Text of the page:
If you would rather not have litter boxes around, putting down pee pads will also work. There are a few key times to remember as well. Ferrets will go to the bathroom around 15 minutes after they wake up, so it’s a good idea to let them go to the restroom before you let them out in the morning. They also have really short digestive tracts; food passes through around 3 hours after eating. Keeping these times in mind offers a good time to look for them doing their business, if you catch them using the litterbox properly, then reward them with a treat!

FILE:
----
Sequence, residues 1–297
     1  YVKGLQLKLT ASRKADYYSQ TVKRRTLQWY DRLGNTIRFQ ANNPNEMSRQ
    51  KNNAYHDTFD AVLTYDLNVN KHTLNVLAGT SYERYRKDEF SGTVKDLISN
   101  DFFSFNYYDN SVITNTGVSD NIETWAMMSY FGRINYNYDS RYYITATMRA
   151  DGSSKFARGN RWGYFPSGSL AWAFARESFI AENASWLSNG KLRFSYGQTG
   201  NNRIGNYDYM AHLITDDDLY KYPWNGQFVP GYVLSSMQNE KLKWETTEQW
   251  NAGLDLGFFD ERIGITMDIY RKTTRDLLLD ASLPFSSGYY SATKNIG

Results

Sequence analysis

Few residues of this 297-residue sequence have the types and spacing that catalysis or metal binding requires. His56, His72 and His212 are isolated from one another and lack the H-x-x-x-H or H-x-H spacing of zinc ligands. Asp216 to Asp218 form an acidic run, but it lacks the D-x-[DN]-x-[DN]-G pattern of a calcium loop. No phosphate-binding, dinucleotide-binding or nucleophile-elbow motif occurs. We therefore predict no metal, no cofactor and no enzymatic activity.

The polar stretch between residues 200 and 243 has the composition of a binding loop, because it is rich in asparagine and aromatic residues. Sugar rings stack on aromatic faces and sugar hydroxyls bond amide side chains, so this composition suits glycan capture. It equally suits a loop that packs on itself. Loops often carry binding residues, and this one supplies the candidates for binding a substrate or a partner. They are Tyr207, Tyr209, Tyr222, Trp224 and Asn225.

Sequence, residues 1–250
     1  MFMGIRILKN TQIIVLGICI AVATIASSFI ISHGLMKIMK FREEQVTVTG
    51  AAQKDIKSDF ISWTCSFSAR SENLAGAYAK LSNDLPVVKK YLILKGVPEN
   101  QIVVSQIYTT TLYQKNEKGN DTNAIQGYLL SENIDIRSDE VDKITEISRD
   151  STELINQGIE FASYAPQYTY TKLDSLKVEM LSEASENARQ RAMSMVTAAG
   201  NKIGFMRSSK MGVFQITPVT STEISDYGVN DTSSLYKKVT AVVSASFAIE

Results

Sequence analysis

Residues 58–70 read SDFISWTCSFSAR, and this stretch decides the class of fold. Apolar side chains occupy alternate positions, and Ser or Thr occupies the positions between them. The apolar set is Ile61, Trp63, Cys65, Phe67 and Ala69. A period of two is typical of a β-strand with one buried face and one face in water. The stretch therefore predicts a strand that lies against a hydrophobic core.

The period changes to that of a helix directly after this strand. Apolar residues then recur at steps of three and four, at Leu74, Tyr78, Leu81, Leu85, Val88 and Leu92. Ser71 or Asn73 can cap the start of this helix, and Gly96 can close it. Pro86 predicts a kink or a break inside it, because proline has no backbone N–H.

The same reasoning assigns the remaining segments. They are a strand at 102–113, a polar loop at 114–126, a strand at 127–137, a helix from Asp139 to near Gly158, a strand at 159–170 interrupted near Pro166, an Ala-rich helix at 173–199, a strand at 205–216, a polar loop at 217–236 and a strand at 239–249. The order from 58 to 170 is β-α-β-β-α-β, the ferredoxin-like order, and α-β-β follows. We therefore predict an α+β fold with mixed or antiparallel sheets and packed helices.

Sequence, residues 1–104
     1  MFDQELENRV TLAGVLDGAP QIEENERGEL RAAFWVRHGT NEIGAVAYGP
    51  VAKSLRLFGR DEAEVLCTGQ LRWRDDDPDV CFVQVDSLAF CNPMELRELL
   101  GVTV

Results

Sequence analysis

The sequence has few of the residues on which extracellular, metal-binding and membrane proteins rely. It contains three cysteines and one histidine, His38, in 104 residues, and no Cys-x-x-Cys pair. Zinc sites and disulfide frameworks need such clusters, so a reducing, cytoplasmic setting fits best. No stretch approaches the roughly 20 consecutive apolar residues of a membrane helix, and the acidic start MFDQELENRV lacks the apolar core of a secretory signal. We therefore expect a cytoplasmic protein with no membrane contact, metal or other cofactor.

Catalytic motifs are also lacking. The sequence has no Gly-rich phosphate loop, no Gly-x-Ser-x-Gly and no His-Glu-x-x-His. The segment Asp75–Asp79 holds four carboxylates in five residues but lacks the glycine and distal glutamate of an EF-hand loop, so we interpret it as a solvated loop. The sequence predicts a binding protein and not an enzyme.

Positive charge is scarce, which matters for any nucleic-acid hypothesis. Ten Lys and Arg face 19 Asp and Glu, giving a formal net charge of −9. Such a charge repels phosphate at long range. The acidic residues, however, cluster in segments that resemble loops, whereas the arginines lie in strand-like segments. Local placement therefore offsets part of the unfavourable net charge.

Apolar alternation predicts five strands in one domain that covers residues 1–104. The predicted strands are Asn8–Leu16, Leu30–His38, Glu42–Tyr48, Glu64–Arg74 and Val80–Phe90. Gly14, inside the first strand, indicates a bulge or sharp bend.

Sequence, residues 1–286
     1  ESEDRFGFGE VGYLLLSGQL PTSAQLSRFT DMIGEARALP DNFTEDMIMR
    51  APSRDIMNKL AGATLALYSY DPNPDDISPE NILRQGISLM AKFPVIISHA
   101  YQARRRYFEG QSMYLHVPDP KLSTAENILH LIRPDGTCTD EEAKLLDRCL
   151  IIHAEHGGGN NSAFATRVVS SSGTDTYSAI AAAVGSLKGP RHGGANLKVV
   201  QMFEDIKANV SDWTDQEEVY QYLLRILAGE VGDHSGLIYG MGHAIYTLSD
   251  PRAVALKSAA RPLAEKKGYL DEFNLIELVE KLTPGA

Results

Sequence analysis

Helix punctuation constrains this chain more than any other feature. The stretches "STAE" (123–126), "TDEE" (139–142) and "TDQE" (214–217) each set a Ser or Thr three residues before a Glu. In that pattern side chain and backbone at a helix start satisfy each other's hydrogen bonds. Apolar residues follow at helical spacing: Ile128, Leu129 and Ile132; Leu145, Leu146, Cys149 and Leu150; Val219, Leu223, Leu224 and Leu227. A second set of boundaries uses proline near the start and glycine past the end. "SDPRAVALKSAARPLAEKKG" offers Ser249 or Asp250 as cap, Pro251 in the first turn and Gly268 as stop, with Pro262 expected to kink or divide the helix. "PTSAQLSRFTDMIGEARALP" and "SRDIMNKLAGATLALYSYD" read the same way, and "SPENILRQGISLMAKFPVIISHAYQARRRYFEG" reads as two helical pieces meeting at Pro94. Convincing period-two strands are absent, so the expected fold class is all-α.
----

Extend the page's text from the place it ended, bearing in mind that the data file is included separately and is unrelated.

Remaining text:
If your ferret does have an accident outside their box, place some stool inside it to let them know that this is where they should go. If you catch them scooting backward into a corner, pick them up and place them into their litterbox. Always make sure to give them a treat as a reward if they do what they are supposed to. Make sure to be patient and avoid punishing your ferret for accidents, simply redirect them and try to catch them the next time.
4. Ferret Training Next Steps – Rolling Over, Standing Up, And More!
Having these under your belt can open you up to other tricks, like rolling over, standing up on their hind legs, giving a paw, or spinning in a circle on command. Teaching your ferret is a wonderful way to bond with them. Just make sure you make a plan for your trick, keep it short but consistent and have patience.